The Temperamental Minimum Wage

by | May 9, 2007

The first fundamental law of demand postulates that the lower the price of something, the more will be demanded, and the higher the price, the less will be demanded. To my knowledge, there are no known exceptions to the law of demand. That was until last fall when 650 economists, including several Nobel Laureates, signed […]

The first fundamental law of demand postulates that the lower the price of something, the more will be demanded, and the higher the price, the less will be demanded. To my knowledge, there are no known exceptions to the law of demand. That was until last fall when 650 economists, including several Nobel Laureates, signed a letter calling for an increase in the minimum wage.

They said, “We believe that a modest increase in the minimum wage would improve the well-being of low-wage workers and would not have the adverse effects that critics have claimed.” I’m not sure if these 650 economists meant increases in the minimum wage will have no effect on the employment of low-wage workers or if they meant its magnitude won’t be large. If their argument is the former, I’m embarrassed for them.

Maybe these economists, like House Speaker Nancy Pelosi, see the law of demand as being somewhat temperamental — sometimes having an effect and sometimes not. This would be like a physicist suggesting that the velocity of light, in a vacuum, is temperamental — sometimes a constant and sometimes not. But they and Speaker Pelosi might have a point.

On Jan. 10, the House of Representatives voted to raise the minimum wage from $5.15 to $7.25 per hour. Their bill, for the first time, extended the federal minimum wage to the U.S. territory of the Northern Mariana Islands, but it exempted American Samoa, another U.S. Pacific Ocean territory. American Samoa would have been the only U.S. territory not subject to the federal minimum wage. If increases in the minimum wage, like my 650 fellow economists claim, are so helpful to low-wage workers, why deprive Samoan workers from the benefits? Are Speaker Pelosi and my fellow economists anti-Samoan?

StarKist Tuna, whose parent company is Del Monte, and Chicken of the Sea employ nearly 50 percent of the Samoan workforce.

Samoan cannery workers earn about $3.50 an hour. I’ll give you one guess what would happen if the minimum wage were raised to $7.25 an hour. Here’s a hint: The average cannery wage in Thailand is 67 cents an hour, and in the Philippines, it’s 66 cents. If you guessed that StarKist and Chicken of the Sea might move their operations to Thailand or the Philippines, go to the head of the class. Perhaps Speaker Pelosi agrees that mandating a higher wage would have an unemployment effect, but just in Samoa.

There’s a better explanation for Speaker Pelosi’s position that has nothing to do with the possible fickleness of the law of demand. StarKist, which owns one of the two Samoan packing plants, has been a big opponent of increases in the U.S. minimum wage. Del Monte, its parent company, is headquartered in Speaker Pelosi’s San Francisco district. Chicken of the Sea is based in Southern California. It’s not unreasonable to guess that Speaker Pelosi’s position has to do with the interests of her well-heeled constituents. In any case, Samoans are off the hook for now because the proposed legislation enacting a higher minimum wage didn’t pass Congress.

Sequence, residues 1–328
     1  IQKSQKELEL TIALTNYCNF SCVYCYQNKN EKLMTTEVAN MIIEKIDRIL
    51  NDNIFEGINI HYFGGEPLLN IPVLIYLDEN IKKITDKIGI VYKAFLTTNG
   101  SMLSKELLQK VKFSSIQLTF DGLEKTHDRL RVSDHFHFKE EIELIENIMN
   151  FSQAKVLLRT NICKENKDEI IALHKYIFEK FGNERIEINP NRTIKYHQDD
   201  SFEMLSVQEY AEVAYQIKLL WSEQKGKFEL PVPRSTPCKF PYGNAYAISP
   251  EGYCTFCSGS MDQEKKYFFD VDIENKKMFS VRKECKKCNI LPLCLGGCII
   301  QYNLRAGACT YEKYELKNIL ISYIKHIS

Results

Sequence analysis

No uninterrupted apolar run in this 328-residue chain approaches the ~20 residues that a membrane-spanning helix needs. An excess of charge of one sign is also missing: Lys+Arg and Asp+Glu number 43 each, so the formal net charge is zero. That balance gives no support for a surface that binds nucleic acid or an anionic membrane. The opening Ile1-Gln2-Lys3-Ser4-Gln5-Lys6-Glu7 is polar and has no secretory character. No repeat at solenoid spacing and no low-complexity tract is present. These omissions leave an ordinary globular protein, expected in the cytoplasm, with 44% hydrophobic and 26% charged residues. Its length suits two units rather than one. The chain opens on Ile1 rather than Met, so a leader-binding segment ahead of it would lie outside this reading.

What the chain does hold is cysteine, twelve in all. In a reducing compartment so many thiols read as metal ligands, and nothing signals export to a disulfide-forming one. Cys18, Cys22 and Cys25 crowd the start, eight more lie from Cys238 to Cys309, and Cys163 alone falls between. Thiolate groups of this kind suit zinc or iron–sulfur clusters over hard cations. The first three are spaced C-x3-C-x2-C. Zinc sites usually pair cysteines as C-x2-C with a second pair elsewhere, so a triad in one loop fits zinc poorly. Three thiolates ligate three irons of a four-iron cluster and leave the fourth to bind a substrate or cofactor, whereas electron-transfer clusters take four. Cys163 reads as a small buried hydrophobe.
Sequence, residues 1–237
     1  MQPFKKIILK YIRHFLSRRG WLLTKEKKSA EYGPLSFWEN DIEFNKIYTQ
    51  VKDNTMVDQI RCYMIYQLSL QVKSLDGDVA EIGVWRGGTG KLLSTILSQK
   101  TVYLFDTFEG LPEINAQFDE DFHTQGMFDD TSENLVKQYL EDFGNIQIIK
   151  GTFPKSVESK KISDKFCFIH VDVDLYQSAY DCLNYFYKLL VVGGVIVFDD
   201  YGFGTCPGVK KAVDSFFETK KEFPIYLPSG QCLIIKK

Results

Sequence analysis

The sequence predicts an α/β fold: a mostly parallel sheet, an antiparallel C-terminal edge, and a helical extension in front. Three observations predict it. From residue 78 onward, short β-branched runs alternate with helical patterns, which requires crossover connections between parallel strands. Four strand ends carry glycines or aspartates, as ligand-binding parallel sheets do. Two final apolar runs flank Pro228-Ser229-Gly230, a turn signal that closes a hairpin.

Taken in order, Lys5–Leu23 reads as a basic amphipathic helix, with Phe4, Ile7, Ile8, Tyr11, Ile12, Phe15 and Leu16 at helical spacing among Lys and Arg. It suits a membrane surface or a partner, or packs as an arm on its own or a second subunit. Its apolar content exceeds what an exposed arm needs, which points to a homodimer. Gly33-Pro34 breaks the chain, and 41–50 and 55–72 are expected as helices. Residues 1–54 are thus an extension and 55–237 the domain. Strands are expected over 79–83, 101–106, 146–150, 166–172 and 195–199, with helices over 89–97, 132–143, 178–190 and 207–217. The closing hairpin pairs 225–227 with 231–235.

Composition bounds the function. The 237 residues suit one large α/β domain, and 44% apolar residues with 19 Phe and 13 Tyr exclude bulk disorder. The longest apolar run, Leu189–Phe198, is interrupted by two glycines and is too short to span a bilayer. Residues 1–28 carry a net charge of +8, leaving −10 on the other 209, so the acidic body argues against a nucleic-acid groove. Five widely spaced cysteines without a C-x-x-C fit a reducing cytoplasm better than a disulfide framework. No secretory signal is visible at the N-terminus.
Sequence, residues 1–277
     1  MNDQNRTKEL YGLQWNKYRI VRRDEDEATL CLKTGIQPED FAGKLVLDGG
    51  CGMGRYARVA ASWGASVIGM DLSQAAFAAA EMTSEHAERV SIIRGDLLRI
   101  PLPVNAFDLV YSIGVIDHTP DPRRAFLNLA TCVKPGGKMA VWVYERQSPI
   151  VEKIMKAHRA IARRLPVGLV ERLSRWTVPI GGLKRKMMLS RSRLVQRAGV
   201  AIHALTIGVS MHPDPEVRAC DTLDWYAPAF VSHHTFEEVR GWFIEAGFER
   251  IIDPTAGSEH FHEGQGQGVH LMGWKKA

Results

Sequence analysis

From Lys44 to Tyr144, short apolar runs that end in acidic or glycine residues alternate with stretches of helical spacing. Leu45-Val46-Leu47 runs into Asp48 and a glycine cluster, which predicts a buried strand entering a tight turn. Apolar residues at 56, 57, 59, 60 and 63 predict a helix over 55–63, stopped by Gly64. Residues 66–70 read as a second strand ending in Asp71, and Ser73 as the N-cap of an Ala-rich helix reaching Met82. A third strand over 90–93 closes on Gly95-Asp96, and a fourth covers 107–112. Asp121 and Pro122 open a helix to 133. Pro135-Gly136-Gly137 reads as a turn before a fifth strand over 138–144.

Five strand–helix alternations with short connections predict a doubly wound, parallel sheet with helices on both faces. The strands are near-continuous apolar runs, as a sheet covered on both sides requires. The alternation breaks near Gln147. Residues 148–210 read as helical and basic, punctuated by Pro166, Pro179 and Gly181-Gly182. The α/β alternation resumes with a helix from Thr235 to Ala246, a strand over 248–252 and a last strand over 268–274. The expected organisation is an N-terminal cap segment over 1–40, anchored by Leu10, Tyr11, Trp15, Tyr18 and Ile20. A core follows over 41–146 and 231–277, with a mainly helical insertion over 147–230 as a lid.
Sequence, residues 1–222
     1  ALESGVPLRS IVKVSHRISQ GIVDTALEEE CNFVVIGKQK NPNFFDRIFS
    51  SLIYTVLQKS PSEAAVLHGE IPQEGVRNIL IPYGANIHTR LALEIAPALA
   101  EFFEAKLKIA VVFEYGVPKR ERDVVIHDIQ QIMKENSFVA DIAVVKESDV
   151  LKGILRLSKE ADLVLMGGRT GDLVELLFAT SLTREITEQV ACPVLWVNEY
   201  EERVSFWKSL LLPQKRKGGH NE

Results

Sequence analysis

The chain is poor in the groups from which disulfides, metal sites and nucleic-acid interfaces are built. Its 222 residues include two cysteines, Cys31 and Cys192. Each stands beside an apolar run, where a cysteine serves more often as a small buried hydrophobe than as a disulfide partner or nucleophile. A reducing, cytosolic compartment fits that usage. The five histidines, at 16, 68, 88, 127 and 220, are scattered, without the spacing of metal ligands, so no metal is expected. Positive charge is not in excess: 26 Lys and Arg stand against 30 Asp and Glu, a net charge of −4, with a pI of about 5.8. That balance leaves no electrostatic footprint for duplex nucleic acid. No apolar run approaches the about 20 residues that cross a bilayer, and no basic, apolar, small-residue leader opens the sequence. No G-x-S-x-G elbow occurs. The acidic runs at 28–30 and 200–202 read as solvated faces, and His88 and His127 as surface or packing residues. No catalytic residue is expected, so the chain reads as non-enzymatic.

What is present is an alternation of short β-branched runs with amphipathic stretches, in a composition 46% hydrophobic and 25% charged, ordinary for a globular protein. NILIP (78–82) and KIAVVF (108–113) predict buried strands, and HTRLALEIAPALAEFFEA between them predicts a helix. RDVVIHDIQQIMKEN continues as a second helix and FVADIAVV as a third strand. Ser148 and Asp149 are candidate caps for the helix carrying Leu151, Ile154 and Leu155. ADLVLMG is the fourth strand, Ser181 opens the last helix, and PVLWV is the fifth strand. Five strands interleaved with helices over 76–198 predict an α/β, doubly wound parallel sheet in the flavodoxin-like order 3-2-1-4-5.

Many minimum wage supporters, like the Speaker, are hypocrites, but most supporters are decent people with an honest concern for the well-being of their fellow man. True compassion for our fellow man requires that we examine not the intentions behind public policy but the effects of that policy. There’s no question that Congress can mandate the minimum wage at which a person is hired, but Congress hasn’t found a way to mandate that a person have a level of productivity commensurate with the wage. Moreover, Congress hasn’t chosen to mandate that an employer hire a person whose productivity is less than the minimum wage. This means higher minimum wages cause unemployment for the least-skilled workers.

Walter Williams (March 31, 1936 – December 1, 2020) was an American economist, commentator, academic, and columnist at Capitalism Magazine. He was the John M. Olin Distinguished Professor of Economics at George Mason University, and a syndicated editorialist for Creator's Syndicate. He is author of Race and Economics: How Much Can Be Blamed on Discrimination?, and numerous other works.

The views expressed above represent those of the author and do not necessarily represent the views of the editors and publishers of Capitalism Magazine. Capitalism Magazine sometimes publishes articles we disagree with because we think the article provides information, or a contrasting point of view, that may be of value to our readers.

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